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Landlords: Give Fido a Chance

April 08, 2000

For dog owners, finding rental housing can be very difficult. Many landlords are reluctant to allow dogs, even with an extra security deposit, and there are no laws that protect dog owners from housing discrimination. SAMANTHA BONAR spoke with Steve McNall, the director of the Pasadena Humane Society and SPCA, and Doug Delahook, owner of dozens of rental properties in L.A. and Orange counties.


Director, Pasadena Humane Society and SPCA

Part of the screening process during dog adoptions here at the Pasadena Humane Society is that tenants must get landlord approval. We ask to see a copy of the agreement between the landlord and the tenant.

Landlord attitudes toward dogs really vary. Some landlords just absolutely flat out do not want pets, period. Sometimes we're able to talk to the landlord and tell him that we have a pre-screening process to make sure the person will be a responsible pet owner. Sometimes that gives landlords a wider comfort zone--they say they'll take the pet.

Others will set a weight or size limit for the dog. I just had a situation a few weeks ago where an individual adopted a puppy from us and the agreement was the dog would not go over the weight of 35 pounds; the dog ended up being 45-50 pounds and the landlord was trying to make the tenant get rid of the dog after she'd had it for a year and a half.

I don't know what justification landlords use for the weight requirement. It is a bit discriminatory. I've talked to a few landlords about this. They feel that there is a liability with the larger dogs for damage to the property. Poundage has nothing to do with behavior. It's the breed. Some terriers are much smaller dogs but they can be very hyperactive. Particular breeds need to be exercised and run more to keep hyperactivity in check. Large dogs need exercise, too, but don't always require as much.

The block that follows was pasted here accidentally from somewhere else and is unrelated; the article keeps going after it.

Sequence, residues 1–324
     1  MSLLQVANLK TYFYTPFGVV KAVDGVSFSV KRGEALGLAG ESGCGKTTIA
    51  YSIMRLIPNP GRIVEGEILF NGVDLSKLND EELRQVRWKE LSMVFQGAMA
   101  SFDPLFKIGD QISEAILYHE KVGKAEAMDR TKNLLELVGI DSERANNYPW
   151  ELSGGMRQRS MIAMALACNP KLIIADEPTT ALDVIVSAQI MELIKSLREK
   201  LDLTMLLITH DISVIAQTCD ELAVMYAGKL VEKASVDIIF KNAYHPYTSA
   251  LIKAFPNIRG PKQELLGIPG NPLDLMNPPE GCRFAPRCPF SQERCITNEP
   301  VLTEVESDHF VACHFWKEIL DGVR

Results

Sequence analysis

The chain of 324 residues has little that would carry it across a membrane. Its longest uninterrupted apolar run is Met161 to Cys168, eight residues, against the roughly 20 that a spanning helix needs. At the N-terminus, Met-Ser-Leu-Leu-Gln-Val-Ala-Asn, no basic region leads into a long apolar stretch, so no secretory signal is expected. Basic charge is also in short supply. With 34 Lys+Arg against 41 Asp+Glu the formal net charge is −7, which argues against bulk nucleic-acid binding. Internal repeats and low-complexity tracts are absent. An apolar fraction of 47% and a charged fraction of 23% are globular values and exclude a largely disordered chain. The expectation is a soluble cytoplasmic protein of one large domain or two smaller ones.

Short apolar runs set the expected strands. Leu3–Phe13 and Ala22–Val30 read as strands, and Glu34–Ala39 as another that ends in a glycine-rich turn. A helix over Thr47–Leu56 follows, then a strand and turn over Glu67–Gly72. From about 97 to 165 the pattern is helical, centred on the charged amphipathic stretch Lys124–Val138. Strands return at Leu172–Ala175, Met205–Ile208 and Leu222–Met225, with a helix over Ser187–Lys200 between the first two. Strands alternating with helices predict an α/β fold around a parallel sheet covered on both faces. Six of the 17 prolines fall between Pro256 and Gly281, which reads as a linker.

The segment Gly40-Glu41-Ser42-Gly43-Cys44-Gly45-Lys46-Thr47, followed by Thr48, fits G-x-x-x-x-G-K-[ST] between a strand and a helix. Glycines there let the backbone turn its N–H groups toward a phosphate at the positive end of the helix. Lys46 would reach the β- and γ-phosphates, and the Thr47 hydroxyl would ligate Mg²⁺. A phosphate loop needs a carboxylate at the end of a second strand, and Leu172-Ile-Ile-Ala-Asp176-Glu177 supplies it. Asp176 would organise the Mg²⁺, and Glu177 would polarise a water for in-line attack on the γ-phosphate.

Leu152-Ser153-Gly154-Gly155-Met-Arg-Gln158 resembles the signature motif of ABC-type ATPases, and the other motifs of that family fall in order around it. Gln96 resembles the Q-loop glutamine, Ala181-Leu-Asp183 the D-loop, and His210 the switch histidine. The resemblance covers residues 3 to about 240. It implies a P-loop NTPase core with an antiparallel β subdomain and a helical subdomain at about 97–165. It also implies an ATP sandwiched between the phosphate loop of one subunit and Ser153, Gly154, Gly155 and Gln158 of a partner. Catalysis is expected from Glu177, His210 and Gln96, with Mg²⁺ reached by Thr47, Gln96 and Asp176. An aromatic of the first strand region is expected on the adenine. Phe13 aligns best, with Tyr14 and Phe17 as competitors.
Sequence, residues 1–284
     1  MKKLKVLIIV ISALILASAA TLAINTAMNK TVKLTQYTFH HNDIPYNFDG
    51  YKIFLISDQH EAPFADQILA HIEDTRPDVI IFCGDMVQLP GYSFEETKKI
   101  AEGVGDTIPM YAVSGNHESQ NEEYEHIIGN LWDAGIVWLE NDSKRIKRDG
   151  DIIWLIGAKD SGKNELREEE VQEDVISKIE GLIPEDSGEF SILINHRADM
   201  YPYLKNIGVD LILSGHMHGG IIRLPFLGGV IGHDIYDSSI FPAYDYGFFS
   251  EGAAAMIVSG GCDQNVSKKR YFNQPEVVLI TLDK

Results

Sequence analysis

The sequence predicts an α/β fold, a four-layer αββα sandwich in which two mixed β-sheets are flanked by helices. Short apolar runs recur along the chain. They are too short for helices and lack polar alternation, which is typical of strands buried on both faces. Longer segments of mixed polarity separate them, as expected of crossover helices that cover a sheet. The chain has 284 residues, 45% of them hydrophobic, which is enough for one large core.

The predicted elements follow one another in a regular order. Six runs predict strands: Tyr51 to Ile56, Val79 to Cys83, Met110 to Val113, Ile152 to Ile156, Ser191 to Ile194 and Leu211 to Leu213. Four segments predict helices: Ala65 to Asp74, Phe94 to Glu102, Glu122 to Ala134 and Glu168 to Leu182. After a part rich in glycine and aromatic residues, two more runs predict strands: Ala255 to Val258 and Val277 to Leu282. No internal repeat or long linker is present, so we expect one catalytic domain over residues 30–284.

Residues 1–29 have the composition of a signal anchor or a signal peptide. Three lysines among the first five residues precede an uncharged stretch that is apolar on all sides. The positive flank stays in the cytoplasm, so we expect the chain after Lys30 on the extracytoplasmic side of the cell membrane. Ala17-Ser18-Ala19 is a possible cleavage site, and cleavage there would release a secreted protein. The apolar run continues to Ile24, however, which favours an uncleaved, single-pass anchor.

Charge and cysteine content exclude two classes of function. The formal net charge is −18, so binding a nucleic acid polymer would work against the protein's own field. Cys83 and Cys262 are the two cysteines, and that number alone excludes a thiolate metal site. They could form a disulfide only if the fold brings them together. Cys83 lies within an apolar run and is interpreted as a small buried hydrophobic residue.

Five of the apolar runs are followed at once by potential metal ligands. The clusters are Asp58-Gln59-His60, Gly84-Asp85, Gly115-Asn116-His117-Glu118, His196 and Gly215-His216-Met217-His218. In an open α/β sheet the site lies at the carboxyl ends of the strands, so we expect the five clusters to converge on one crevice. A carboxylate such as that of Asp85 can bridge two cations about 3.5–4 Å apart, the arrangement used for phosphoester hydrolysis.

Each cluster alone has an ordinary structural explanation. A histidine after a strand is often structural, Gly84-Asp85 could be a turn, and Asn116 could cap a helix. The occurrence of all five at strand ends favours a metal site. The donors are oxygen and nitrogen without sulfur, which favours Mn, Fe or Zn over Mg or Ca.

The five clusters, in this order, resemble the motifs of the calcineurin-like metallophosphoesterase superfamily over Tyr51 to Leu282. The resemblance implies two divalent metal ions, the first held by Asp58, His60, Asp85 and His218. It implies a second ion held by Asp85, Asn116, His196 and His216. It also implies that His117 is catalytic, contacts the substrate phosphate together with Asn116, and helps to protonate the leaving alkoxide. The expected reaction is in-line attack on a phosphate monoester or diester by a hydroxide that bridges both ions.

Fifteen years ago we had a policy where we would not allow the adoption of a large dog into an apartment facility. But since then we have done an about-face because we have seen that animals, no matter what size, in an apartment facility sometimes receive more quality time with their human friend than dogs who are put out in the backyard. We have found that a lot of people who rent who have pets are very dedicated to their pets and will religiously walk them and spend time with them. We've found, too, that just because you have a large yard doesn't mean you're going to spend time with that animal. They might take that animal and just put it out in the backyard and forget about it.

I would like to see housing laws saying a landlord can't discriminate if you have a dog. But on the other hand, we can see where the landlord is coming from. Dogs, unless they're under control, like children can cause damage. So if you have that irresponsible pet owner out there who is allowing his dogs to breed in the living room or that vicious pit bull that's being used as a guard dog inside an apartment complex, there can be problems.

There are a couple of ways to convince a landlord you are a responsible pet owner. Sign up for pet obedience classes. We offer them here. We call it a puppy-training class, but it's really a people-training class, because it teaches the individual how to teach their pet how to socialize. That's what's important. House-breaking and things like that just come naturally. But being sociable, getting along with other animals, children, people in the community, that's what you want your pet to do. Take an obedience course and show proof of that to your landlord. Have your pet spayed or neutered. That's a big one. That shows the landlord that you are not going to be breeding puppies in your backyard. Reference letters from previous landlords also pull a lot of weight.

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